#urbannomad or an #urbanwanderer? #agile #scrum

Yesterday Tim participated at our Agile meetup.  He was there to wish goodbye. He and his wife have been on a path of becoming urban nomads and the time is here now.

We discussed taxes, weather, addresses, letting go of stuff, being creative with space, the freedom of movement and the restriction that it brings with it.

Many urban travelers call themselves Nomads. Coaches like me assume we fall into the same category. We romanticize the notion of not being in the same place constantly. The idea of constant movement gives us the sense of being nomads. But we forget that we always go back to some place called home during the weekends. A home where we spend our holidays. Sometime not every weekend. Some of us travel for longer. But a home still awaits. A place  for  familiarity, hugs, for love, for romance and relaxation. A place where we bring our dirty laundry week after week, a place we  barbeque with friends, a place where there is space for us and where we get comfortable, a place where we catchup on gossip, have our own doctors, check postal mail, and catch up with old friends.

We plan our trips, book our hotels, eat in restaurants. But that is all planned. Yes there is the stress of getting these bookings done within time and budget. Keeping our reward points in check. Holding on to the upgraded seat, or the upgraded spacious hotel suite, because only we know the value of an extra leg room space or an early glass of wine. We know the value of reaching home on time. That two hours means a lot to us. Being home at 9:00 pm matters, than being home at midnight. But we are still not urban nomads.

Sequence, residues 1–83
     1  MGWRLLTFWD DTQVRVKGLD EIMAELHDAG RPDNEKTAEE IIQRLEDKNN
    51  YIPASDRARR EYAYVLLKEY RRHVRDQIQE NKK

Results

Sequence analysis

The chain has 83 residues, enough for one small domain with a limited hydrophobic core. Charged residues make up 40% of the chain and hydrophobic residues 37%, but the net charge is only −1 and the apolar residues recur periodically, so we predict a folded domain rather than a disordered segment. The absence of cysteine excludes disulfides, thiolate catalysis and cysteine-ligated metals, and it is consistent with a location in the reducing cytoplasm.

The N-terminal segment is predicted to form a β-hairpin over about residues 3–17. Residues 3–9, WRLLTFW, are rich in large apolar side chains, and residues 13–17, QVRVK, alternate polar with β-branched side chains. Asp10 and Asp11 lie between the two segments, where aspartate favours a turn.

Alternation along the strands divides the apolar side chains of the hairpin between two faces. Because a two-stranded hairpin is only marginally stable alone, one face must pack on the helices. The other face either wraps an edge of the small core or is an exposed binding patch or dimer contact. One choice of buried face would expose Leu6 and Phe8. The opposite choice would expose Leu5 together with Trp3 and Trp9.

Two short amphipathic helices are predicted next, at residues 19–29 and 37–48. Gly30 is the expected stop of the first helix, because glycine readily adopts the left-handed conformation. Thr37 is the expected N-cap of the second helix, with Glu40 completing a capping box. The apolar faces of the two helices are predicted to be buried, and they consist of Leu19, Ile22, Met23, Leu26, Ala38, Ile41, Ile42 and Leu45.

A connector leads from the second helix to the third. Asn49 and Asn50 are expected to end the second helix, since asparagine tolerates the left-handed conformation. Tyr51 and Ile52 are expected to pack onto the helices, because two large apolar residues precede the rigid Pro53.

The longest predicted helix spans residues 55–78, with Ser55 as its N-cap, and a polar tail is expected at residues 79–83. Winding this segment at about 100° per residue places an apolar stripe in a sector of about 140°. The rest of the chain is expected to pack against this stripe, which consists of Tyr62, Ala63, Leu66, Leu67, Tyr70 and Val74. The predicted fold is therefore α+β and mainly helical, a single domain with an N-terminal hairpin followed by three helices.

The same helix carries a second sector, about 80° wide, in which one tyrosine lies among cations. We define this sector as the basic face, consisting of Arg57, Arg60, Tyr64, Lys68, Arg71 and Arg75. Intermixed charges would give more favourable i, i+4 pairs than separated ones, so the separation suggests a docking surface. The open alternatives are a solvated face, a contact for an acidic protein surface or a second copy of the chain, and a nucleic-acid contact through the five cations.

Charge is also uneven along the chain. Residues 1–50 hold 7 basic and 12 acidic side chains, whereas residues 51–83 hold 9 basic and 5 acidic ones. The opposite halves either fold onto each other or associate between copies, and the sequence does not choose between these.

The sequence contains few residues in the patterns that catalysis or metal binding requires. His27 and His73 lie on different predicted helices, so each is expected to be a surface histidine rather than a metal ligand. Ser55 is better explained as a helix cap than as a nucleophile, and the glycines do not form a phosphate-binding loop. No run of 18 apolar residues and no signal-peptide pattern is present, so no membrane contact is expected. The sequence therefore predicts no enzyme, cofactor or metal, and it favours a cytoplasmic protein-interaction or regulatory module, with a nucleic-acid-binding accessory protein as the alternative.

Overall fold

IMG_3860Tim is not plannig such a life. He wants to experience the nomadic life (and we are busy coining a term for his chosen life – ‘Nomadic techie’ seems a good start, but his creative wife will give it a better form perhaps!). He is not going to be using points to book his travel and hotel. Like so many other nomadic tribes, he will just know where he is going to be probably two months in advance. Maybe three. In this short period of time he has to establish a life style, learn the city, its culture and be ready to move. He is planning on uprooting his comfort zone; leaving his business, social and family networks. Downsizing it all to barely minimum. Enough stuff that will fit in his RV

Here are some pros and cons:

Pros:  New way of experiencing his own self. Forming a new relationship with his wife and family. There will be never a boring moment. Freedom to attend as many conferences, go to as many cities due to low cost of travel. Check off on bucket lists as a WIP item along the way. Cost of doing business will be low. Factor the experience learnt and take it to the next gig. Always be around the customer.  Quoting his words, he will never carry ‘ technical debt’ (he meant baggage. But then when a techie talks, their metaphors must quote the source code don’t they?)

Cons:  Possible long bench time. Some projects might not materialize due to inconvenient location. Always start from scratch. He has to be on high alert-learning and knowing mode constantly.  Sometimes life is in the mercy of mother nature.

What he has to learn new:

Network, network, network: Network in new cities for new clients, new businesses . Always learn the culture of a new city. He will learn patience. Sometimes there wont be a second chance.

What he is giving up:  A stable community. A comfort zone. He is giving up boundaries.